Steven Nemes has been single-handedly debating several Arminians over at Arminian Perspectives. I’m going to quote some representative statements by his Arminian disputants, then comment.
J.C. Thibodaux, on May 25, 2010 at 10:01 pm Said:
And again, you aren’t dealing with what the scriptures say: 1 John 2:16 and 1:5 plainly contradict your idea of all evil originating from within God. When one’s philosophical viewpoints contradict scripture, it’s time to toss said viewpoint out.
Several Arminians have resorted to this fallback appeal after they lost the philosophical argument with Nemes. However, appealing to Scripture in this context is duplicitous:
i) The Arminian disputants are also using intuitive appeals and philosophical justifications, both to oppose Calvinism and defend Arminianism. Therefore, it’s hypocritical for them to do an about-face and wrap themselves in the mantle of Scripture when their philosophical tactics backfire.
ii) Libertarian freewill is a philosophical construct. As such, it is entirely proper for Nemes to respond in kind.
iii) Quoting Scripture in this debate is just a diversionary tactic. For the question at issue is not the correct interpretation of Scripture, but the inner logic of Arminian theology. For an Arminian to quote Scripture does nothing to negate the logical implications or logical tensions in his belief-system.
Given what Arminianism teaches about divine creation, omniscience, omnipotence, and providential concurrence, can Arminians insulate God from responsibility for sin and evil?
Moreover, can they insulate God from culpability given the logical implications of Arminianism, on the one hand, and what they find reprehensible in Calvinism, on the other?
J.C. Thibodaux, on May 25, 2010 at 1:04 pm Said:
Just as in a sting operation scenario, creating a situation with a known outcome based upon another person’s independent choices doesn’t constitute the one who made the scenario authoring his crime for him.
But one of Thibo’s definitions for “author” is “mastermind.” Yet whoever planned a sting operate was the mastermind behind the sting operation.
And, of course, a sting operation is a classic set-up. It creates the initial conditions for the commission of a crime. Indeed, it instigates the commission of a crime.
So if that is Thibo’s analogy to divine providence, then it backfires.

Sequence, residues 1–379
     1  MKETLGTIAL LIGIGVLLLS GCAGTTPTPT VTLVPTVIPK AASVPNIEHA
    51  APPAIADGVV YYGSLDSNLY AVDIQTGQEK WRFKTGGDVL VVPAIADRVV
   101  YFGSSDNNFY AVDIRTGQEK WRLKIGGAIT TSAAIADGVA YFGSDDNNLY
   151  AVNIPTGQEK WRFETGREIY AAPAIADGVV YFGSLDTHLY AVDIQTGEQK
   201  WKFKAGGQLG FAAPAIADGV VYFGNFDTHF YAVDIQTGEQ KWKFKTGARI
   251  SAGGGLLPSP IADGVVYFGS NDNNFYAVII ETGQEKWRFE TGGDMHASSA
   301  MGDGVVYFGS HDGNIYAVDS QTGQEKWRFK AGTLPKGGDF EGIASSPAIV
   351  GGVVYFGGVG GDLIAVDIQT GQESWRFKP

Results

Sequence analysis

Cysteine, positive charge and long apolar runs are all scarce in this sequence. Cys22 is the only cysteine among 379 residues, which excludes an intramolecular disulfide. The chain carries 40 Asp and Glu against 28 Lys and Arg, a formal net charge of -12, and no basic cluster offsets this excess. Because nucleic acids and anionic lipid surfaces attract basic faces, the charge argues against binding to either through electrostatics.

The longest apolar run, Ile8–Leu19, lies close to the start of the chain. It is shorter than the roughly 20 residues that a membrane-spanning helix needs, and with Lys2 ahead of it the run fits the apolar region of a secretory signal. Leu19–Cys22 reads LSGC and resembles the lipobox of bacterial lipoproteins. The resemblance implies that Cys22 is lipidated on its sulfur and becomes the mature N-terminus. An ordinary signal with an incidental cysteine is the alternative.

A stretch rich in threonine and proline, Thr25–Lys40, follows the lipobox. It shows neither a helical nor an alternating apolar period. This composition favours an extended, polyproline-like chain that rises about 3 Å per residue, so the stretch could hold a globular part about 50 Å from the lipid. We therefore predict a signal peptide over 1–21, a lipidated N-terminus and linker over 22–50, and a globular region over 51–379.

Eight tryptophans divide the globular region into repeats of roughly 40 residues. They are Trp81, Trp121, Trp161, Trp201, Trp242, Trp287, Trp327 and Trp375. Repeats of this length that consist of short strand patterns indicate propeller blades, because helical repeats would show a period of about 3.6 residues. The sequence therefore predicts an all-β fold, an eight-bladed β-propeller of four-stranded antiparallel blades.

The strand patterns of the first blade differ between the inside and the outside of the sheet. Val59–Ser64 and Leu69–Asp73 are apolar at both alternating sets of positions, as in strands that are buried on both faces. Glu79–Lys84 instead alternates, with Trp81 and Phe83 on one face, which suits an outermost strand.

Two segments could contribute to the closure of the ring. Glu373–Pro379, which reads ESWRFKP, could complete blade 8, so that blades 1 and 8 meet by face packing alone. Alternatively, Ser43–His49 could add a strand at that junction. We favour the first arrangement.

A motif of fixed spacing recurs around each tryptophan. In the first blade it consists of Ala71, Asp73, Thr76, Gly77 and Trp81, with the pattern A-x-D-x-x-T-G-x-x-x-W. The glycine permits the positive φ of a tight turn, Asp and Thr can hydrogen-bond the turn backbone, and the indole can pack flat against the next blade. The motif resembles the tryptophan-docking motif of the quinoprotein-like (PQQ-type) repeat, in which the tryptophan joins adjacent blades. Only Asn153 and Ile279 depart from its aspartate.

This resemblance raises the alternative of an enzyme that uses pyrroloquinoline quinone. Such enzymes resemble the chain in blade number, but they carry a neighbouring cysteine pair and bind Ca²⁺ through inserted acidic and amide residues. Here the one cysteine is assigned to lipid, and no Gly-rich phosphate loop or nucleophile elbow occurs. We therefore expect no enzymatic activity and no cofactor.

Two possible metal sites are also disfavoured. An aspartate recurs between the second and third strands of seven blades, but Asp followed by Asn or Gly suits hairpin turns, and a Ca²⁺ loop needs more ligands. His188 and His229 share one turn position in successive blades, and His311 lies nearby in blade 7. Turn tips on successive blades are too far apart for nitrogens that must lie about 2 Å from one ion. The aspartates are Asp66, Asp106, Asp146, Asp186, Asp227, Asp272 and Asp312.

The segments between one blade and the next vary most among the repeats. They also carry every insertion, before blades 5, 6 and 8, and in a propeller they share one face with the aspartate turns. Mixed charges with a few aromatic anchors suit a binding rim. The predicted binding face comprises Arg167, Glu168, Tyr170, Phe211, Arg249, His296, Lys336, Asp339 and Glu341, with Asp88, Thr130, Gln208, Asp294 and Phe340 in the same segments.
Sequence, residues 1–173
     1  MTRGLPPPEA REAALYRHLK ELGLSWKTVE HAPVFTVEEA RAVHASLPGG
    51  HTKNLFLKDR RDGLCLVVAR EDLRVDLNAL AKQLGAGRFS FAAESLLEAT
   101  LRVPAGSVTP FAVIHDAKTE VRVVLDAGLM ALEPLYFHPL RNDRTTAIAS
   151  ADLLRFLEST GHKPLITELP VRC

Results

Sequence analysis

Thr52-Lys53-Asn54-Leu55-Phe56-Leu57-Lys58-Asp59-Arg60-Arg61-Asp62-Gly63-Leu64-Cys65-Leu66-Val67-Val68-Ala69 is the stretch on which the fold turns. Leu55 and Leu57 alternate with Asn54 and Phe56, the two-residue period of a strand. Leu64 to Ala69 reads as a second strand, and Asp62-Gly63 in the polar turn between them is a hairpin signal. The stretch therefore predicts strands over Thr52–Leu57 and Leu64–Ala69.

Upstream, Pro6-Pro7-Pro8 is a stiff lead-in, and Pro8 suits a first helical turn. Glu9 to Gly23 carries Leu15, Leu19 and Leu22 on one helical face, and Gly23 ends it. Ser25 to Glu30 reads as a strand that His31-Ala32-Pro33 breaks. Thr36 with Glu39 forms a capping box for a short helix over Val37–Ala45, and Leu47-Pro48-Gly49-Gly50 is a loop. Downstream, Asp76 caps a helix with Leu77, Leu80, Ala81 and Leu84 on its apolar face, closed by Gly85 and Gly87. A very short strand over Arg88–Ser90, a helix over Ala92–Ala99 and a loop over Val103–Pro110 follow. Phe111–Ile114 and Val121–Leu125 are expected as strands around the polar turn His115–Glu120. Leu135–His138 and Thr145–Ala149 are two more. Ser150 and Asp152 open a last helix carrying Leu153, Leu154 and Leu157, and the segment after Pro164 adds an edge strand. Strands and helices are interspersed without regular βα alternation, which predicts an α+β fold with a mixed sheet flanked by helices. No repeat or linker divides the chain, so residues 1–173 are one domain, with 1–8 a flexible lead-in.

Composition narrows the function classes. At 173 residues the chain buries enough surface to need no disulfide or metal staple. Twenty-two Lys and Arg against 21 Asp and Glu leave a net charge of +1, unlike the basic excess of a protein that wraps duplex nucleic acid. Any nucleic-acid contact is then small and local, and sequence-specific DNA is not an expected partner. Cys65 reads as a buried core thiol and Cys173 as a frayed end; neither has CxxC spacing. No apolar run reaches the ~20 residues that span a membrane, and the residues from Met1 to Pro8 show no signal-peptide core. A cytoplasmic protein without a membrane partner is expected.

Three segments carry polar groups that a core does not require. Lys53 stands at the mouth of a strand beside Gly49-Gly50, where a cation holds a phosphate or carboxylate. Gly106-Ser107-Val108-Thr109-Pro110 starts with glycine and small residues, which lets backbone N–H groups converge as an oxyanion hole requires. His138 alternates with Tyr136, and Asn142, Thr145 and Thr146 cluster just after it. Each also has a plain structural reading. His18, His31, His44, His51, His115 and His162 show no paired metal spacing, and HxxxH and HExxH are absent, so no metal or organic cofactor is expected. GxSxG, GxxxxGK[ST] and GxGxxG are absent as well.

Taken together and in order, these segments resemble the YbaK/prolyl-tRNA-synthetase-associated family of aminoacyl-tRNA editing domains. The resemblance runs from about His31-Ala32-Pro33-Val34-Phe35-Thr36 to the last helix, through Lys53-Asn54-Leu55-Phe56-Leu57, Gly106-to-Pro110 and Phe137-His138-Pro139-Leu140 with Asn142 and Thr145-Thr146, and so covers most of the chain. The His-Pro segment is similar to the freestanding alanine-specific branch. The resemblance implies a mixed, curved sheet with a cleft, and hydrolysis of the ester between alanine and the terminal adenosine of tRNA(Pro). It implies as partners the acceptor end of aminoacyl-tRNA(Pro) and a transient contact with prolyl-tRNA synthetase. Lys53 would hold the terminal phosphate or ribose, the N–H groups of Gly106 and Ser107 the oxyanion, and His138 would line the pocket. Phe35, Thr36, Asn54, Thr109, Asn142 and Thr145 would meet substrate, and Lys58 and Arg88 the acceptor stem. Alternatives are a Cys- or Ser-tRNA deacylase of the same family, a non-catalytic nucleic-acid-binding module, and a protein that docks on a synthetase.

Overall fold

bossmanham, on May 26, 2010 at 10:44 pm Said:
If God is not the cause of sin, then we wouldn’t hold Him blameworthy. If He is the cause, why wouldn’t we? We blame Him for the creation of the universe, because He caused it.
i) For starters, notice the essentially intuitive or philosophical character of Brannon’s contention. But even though we may all begin with a pretheoretical notion of causality, Brennon will need to define his terms in order to show that Calvinism is causal while Arminianism is noncausal. Or else that Calvinism and Arminianism are both causal, but in different ways–which inculpate Calvinism and exculpate Arminianism.
ii) Furthermore, it’s child’s play to come up with intuitively plausible scenarios in which I could be both responsible and even culpable for a situation I didn’t create.
Suppose I see a little boy fall off the dock. If I don’t jump into the water and rescue him, he will drown. Am I blameless if I do nothing?
Suppose I witness a traffic accident. A car is on fire with a screaming passenger inside. She is trying to get out in time.
It is within my power to save her at no risk to myself. Am I blameless if I do nothing?
bossmanham, on May 28, 2010 at 2:34 am Said:
This is your direct causation through secondary causes, which is exactly what we are saying determinism has God doing for every act on earth. It’s totally disanalogous to an independent creature choosing to do something.
“Direct” causation through “secondary” causes is utter nonsense. If direct, then it sidesteps secondary causes–and if it uses secondary causes, then it’s indirect.
Arminian, on May 27, 2010 at 5:04 pm Said:
Has not Steven basically conceded JC’s point that Calvinism does make God the author of evil? His response seems to be, “but that’s no big deal and I think Arminianism makes God the author of evil too.”
Steven, you responded, “I don’t think I am a hyper-Calvinist.” But how can you say that when you are arguing that God is the author of evil and that that’s ok? The belief that God is the author of sin/evil is standardly regarded as a hyper-Calvinistic, heretical belief. As Monergism.com states (adjectives Monergism.com’s), most Calvinists reject as deplorable the hyper-Calvinistic and destructive belief that God is the author of sin and of evil.
Of course, this is all equivocal.
i) To begin with, Thibo was constantly redefining his terms in the course of the debate. What “author of sin” actually meant kept evolving. When one definition failed him, Thibo switched to another.
ii) ”Arminian” would also have to show that Monergism.com is defining the phrase in the same way that Thibo did.
iii) Nemes didn’t necessarily “concede” anything. Rather, he was arguing with Thibo (and others) on their own assumptions. It’s a perfectly legitimate move point out that Arminianism suffers from the same basic problem it imputes to Calvinism. The point of that move is to make the Arminian reconsider his objection.
iv) Even if Nemes did “concede” Thibo’s allegation that Calvinism makes God the “author of sin,” that’s a pyrrhic concession, for Nemes may not regard Thibo’s homegrown definition as morally serious.
Remember that “author of sin” is a cipher, a metaphor. The phrase itself is morally neutral. Whether or not that ascription is morally invidious all depends on how you define it, along with a larger set of ethical and metaphysical assumptions which underwrite your use of the term.